FIFA President Sepp Blatter, left, and Russian President Vladimir Putin.(Alexei Nikolsky/AP/RIA Novosti)

Russia spared no expense to host the 2014 Winter Olympics in Sochi. The country spent roughly $50 billion, according to gunned-down Kremlin critic Boris Nemtsov. But it now looks like authorities wants to cut costs for the 2018 World Cup, and, to do so, one politician has suggested using prison labor to build the tournament’s facilities.

“It’ll help in the sense that there will be the opportunity to acquire building materials for a lower price, lower than there is currently on the market,” Alexander Khinshtein, a lawmaker from the pro-Putin United Russia party, told The Associated Press. “And apart from that it’ll make it possible to get prisoners into work, which is very positive.”

Deputy director of Russia’s Federal Penitentiary Service Anatoly Rudy has not commented specifically about using prisoners to build World Cup facilities, but has said he is open to ideas about how to employ the more than 870,000 prisoners scattered throughout the country.

“We’ve discussed how to bring business to the prison colonies that would provide normal wages and employment that, perhaps, an ordinary citizen would not take,” Rudy told the Russian paper Kommersant on Monday.

The salary for one month of hard labor on World Cup project might be 15,000 rubles, or $300 per month for prisoners, Khinshtein told the AP. That’s less than half the sum of the average salary for free working citizens, according to The Moscow Times, which cited the typical monthly salary for Russians as $780 per month last year.

One logistical concern, however, might stand in the way of dedicating prison labor to World Cup facility building and that’s location.

“We have not considered the possibility of transporting prisoners across the country (to work),” Rudy said. That could restrict the number of people able to work on World Cup projects. Host cities include: Moscow, St. Petersburg, Kaliningrad, Nizhny Novgorod, Sochi, Roston-on-Don, Vogograd, Samara, Ekaterinbug, Kazan and Saransk, all cities thar are located west of Siberia, where many of Russia’s largest prison camps are.

Besides logistics, however, humanitarian issues might also dog the idea. Per the Associated Press:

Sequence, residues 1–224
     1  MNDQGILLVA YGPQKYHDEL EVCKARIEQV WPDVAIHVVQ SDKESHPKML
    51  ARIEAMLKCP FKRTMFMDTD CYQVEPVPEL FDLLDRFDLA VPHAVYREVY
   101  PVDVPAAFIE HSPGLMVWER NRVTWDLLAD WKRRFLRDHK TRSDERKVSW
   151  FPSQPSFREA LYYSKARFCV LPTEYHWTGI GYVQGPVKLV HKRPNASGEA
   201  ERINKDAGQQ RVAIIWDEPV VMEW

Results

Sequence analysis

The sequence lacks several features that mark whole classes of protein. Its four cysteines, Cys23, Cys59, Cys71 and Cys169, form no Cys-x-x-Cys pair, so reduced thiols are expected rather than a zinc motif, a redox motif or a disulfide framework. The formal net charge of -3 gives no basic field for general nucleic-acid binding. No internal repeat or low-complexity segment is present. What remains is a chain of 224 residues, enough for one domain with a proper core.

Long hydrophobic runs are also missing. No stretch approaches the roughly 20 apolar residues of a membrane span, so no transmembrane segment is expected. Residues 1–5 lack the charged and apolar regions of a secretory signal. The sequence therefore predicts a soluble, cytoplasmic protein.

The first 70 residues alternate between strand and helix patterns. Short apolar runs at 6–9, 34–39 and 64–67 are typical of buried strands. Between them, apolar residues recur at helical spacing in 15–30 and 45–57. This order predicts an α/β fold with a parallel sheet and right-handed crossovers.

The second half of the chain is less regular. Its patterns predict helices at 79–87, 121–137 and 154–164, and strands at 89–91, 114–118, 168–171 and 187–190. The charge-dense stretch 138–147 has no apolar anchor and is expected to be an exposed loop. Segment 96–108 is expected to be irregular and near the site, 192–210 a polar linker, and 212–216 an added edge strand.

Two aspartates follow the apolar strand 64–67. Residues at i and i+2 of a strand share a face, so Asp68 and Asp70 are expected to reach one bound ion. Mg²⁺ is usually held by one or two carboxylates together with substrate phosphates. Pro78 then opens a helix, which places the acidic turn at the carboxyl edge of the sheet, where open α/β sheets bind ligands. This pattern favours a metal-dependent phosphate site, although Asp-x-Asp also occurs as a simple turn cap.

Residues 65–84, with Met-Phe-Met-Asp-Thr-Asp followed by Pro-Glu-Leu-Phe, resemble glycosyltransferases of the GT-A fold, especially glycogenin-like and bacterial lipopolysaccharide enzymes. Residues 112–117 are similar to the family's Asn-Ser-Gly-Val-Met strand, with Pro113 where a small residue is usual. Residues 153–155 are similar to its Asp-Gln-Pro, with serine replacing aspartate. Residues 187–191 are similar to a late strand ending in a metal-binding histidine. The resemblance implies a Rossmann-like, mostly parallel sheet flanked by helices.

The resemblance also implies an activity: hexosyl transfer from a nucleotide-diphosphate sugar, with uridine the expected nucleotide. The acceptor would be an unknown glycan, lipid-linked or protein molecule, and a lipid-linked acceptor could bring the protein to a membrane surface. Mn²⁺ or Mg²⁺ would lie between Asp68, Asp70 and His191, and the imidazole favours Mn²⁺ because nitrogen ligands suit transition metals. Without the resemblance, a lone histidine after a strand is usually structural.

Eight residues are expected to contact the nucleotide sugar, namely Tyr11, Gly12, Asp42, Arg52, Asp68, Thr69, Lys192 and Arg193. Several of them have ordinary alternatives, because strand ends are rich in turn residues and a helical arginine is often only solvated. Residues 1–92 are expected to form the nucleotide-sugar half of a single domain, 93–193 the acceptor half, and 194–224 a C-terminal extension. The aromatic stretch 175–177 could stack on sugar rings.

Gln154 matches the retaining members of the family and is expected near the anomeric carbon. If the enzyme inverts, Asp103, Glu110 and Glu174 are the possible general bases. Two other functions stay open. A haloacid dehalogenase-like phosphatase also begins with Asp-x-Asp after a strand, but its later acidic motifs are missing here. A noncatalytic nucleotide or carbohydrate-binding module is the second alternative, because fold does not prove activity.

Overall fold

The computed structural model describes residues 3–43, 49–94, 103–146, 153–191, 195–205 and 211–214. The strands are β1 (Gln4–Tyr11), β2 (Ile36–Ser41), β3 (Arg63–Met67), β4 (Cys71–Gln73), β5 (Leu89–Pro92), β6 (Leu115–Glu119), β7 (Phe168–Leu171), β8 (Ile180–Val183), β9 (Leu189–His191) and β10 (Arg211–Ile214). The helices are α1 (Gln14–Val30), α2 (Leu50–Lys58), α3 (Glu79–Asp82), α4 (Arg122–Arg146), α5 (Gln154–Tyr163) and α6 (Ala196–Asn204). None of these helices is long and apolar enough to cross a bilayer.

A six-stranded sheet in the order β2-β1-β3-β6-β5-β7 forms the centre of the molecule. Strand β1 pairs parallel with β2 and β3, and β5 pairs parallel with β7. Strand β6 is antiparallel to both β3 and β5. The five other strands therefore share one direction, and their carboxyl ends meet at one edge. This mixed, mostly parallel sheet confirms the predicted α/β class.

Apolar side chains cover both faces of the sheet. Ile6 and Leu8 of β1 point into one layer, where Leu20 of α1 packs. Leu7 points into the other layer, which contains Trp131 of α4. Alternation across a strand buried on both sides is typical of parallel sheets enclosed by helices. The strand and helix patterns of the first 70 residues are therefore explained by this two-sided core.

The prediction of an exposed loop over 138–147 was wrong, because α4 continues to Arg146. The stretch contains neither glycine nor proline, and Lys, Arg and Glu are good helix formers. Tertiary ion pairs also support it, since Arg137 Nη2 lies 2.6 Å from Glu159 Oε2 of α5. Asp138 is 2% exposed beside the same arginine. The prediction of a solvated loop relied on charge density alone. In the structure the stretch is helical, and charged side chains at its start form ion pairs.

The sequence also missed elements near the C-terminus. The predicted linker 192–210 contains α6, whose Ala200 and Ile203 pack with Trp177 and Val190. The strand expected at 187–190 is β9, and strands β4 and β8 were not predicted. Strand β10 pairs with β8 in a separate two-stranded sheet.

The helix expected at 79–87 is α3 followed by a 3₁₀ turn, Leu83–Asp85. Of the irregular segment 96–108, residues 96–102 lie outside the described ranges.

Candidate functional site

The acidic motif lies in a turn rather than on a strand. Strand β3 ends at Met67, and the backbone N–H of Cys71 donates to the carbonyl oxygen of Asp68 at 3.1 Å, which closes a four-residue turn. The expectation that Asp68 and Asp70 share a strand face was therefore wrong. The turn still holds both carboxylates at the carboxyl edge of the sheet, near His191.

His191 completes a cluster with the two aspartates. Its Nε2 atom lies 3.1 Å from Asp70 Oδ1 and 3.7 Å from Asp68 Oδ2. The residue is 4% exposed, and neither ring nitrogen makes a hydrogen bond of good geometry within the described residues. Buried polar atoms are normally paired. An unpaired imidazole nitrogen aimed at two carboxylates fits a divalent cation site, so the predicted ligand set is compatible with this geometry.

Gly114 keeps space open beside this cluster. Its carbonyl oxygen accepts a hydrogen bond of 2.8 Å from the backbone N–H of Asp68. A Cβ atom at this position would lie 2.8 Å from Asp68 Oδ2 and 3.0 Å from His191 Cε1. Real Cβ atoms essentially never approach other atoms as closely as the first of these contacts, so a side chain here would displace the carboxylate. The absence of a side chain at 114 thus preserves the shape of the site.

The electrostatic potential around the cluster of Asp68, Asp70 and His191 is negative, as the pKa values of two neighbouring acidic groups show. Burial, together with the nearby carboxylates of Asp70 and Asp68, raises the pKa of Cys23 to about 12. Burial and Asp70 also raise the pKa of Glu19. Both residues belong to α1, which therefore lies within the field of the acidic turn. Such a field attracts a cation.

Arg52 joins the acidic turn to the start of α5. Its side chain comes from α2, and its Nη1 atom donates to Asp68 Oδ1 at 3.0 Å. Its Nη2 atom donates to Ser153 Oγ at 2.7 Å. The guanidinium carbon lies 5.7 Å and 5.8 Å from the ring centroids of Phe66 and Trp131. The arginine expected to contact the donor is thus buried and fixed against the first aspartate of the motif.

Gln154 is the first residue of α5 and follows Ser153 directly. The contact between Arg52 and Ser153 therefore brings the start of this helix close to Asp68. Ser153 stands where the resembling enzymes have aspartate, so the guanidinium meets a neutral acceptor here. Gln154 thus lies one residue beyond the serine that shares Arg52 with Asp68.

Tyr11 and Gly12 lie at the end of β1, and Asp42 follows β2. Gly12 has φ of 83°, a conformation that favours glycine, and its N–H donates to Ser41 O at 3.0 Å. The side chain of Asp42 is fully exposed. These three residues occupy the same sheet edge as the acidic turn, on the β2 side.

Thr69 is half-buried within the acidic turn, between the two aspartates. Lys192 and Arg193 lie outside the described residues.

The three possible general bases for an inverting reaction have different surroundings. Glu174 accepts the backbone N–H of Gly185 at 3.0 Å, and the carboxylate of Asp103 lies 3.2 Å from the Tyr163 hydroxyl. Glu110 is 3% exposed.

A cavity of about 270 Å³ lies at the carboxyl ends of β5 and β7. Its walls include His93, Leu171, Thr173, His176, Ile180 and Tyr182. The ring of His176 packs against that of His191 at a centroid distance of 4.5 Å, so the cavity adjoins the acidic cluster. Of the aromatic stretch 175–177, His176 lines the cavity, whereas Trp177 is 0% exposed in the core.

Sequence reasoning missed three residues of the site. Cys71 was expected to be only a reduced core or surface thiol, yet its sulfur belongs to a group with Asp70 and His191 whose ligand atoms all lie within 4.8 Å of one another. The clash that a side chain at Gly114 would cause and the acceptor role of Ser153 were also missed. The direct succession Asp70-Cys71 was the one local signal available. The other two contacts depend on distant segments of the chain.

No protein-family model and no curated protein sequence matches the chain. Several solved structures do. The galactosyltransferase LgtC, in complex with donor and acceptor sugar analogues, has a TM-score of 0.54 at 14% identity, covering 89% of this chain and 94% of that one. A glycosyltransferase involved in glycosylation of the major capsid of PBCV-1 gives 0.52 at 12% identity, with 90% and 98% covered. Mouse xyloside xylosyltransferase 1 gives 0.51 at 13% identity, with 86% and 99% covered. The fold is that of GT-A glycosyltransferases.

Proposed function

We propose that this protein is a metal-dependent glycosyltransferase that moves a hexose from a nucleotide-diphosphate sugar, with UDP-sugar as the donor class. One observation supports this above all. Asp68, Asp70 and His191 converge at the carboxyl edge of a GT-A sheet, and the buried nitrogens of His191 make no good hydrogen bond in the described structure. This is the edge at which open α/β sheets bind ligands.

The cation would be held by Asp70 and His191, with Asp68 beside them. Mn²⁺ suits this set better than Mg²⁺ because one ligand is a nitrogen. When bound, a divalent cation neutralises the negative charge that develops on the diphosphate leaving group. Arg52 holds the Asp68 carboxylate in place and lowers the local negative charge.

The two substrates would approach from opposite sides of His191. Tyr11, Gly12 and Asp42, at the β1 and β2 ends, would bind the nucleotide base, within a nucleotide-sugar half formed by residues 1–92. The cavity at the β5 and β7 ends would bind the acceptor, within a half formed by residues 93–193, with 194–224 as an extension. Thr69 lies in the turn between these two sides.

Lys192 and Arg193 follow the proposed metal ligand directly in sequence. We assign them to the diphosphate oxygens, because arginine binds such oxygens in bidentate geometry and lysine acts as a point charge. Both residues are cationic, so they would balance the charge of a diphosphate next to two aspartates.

Russian prison labor schemes have faced allegations that prisoners are routinely underpaid or forced to work long hours. In 2013, the then-imprisoned Pussy Riot band member Nadezhda Tolokonnikova went on hunger strike in protest at working conditions in her prison camp.

Low-paid forced labor also might not be the best look for FIFA. The world soccer governing body is already dealing with criticism over its decision to hand the 2022 World Cup to Qatar, a country that groups such as Amnesty International have condemned for its treatment of World Cup workers. Although FIFA has shirked responsibility for worker safety, the organization would not benefit from increased bad press.

[Study finds pervasive racism in Russian soccer ahead of 2018 World Cup]

For Russia, though, the decision could come down to straight economics. Per the AP:

Russia’s move toward prison labor comes at a time when the World Cup budget of 637.6 billion rubles ($12.7 billion) is under pressure after the ruble dropped in value compared to last year, making imported materials more expensive. The ruble has recovered much of its lost value this year, but is still worth around a third less against the dollar than at the start of 2014, before international sanctions and a drop in the price of oil dented the Russian economy.

Formal legislation has not yet been submitted to Russian parliament, but with just over three years till kickoff, Khinshtein says he will submit a proposal soon.